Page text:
These are the stories of treasures great and small and of those who hunt for them. The book includes the world's most famous treasure cipher, sunken treasure ships, treasure caves, and tales of over fifty of the most famous lost treasures of the globe. For all who dare to go in search of golden opportunities and glittering prizes.

A lively history of the Civil War sprinkled with tales of over 60 buried treasure in sixteen states. History buffs and adventure seekers will enjoy this work.

Wednesday, July 31, 2019

The Battle of Adwa (Italy’s Battle of the Little Bighorn)

The Battle of Adwa (Adowa)

In 1889 Menelik II, having defeated dynastic rivals, declared himself Emperor of Ethiopia.  In exchange for peaceful relations and subsidies, the Ethiopian Emperor ceded part of the province of Tigre to the Italians (forming the Italian colony of Eritrea).  The Italians however were less interested in peaceful relations than the complete subjugation of Ethiopia.  Two versions of the Treaty of Wuchale were prepared for signature, one in Italian and the other in Amharic, the language of Ethiopia.  Article 17 in the Italian version stated that Ethiopia was required to conduct all foreign affairs through Italian authorities (in effect making Ethiopia an Italian protectorate).  In the Amharic version, the Ethiopians were given the option of communicating with foreign powers through the Italians.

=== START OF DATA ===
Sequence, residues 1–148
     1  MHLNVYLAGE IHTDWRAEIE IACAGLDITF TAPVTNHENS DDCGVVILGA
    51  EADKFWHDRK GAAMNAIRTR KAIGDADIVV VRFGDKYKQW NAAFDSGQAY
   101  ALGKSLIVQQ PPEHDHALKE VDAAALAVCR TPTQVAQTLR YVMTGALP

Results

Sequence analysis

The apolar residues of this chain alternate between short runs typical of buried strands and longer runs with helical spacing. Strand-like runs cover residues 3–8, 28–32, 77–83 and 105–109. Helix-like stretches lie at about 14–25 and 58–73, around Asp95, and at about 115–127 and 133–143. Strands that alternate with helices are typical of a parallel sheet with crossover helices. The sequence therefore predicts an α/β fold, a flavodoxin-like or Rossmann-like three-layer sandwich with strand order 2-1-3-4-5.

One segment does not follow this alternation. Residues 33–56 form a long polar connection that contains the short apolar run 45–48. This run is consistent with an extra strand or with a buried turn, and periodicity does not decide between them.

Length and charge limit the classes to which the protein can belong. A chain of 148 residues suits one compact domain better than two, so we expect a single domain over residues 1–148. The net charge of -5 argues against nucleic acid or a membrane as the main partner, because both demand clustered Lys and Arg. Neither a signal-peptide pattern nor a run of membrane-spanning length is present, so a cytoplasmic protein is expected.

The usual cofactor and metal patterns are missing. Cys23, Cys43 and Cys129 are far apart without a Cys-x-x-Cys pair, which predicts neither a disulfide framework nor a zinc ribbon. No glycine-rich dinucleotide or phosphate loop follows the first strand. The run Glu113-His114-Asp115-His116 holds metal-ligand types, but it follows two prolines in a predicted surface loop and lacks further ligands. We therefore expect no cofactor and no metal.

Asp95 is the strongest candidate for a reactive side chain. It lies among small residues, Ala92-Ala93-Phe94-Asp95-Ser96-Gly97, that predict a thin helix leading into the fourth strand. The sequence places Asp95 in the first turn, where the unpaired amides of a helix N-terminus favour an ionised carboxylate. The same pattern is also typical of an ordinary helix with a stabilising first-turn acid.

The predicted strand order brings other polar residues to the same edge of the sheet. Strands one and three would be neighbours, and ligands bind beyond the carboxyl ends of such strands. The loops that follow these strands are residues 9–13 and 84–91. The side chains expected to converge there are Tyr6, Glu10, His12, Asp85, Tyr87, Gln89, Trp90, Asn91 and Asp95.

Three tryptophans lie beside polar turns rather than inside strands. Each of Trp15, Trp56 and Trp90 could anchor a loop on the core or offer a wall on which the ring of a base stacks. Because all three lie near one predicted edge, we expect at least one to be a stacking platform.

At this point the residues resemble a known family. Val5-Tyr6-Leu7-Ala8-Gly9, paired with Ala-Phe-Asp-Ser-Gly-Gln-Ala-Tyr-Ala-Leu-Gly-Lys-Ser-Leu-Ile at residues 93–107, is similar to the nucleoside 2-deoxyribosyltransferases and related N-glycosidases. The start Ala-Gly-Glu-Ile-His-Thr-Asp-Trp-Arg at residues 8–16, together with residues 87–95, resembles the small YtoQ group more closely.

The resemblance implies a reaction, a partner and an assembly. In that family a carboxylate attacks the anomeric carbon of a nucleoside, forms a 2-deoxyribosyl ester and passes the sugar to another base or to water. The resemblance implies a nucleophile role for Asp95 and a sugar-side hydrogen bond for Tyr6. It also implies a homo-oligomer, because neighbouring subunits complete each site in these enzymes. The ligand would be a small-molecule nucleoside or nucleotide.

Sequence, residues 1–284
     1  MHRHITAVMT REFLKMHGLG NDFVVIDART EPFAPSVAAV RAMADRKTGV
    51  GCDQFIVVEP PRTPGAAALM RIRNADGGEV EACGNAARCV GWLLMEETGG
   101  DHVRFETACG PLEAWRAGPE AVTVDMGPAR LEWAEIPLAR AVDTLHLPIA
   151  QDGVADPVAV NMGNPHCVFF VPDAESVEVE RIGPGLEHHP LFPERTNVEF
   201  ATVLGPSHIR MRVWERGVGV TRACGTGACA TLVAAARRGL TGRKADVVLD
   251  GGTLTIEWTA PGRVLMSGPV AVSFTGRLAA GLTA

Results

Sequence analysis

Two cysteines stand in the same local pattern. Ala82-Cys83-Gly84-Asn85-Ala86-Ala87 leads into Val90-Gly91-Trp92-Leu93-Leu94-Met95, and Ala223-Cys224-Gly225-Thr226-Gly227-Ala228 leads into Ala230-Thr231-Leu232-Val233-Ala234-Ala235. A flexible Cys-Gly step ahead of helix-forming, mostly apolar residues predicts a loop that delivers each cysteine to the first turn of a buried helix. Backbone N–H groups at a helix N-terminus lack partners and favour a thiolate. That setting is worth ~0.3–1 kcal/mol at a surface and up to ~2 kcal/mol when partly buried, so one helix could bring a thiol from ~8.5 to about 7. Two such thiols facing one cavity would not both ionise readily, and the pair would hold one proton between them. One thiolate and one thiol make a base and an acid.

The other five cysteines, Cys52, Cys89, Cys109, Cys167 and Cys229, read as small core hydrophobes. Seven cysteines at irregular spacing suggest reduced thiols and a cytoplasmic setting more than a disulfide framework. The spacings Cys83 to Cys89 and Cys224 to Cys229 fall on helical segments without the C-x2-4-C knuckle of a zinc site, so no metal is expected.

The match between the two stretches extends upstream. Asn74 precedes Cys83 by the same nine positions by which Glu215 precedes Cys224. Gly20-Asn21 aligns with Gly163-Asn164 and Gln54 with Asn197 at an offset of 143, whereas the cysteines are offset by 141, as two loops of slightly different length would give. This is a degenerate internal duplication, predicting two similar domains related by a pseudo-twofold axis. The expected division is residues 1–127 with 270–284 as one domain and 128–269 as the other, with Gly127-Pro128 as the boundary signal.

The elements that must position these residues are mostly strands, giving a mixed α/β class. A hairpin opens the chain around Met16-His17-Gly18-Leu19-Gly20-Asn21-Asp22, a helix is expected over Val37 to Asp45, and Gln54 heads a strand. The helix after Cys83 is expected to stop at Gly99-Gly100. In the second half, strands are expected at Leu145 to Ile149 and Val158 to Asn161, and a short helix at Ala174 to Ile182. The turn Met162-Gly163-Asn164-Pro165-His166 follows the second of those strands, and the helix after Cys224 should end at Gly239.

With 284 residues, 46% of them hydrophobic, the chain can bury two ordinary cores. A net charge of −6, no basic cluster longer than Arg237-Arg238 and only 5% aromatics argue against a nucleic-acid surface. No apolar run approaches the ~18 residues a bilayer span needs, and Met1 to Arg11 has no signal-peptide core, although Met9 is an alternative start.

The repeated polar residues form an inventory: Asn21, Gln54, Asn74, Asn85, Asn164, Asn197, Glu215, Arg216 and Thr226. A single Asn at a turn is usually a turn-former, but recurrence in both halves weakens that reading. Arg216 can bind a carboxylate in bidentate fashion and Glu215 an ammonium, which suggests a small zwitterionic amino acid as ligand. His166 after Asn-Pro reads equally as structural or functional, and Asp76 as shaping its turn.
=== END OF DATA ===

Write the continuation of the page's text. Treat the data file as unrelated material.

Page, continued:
In 1893, now secure on his throne, Menelik II repudiated the treaty, and denounced Italian duplicity, calling on the people of Eritrea to expel the evil foreigners.  In December 1894 a revolt in Eritrea was crushed and the Italians decided to punish Menelik for not living up to the terms of the Treaty of Wuchale (as they saw it).  The Italians crossed the Ethiopian border and occupied the towns of Makalle, Adigrat and Adowa.  Returning to Rome briefly to drum up popular enthusiasm for the war, Oreste Baratieri, the Italian commander, told crowds of cheering Romans that he would bring Menelik II “back in a cage.”

Meanwhile, in Ethiopia, Menelik II was assembling his army.  Ultimately, Menelik brought some 100,000 men into the field.  Nor was this the type poorly armed native horde that Europeans were used to facing.  During the previous three years, Menelik had used the gold and ivory of the kingdom (along with the subsidies provided by the Italians under the terms of the Treaty of Wuchale) to buy arms, ammunition and artillery from Europe and the United States.  Although the bulk of the Ethiopian forces carried shields and spears, some forty thousand were well armed with modern rifles and were supported by fifty artillery pieces.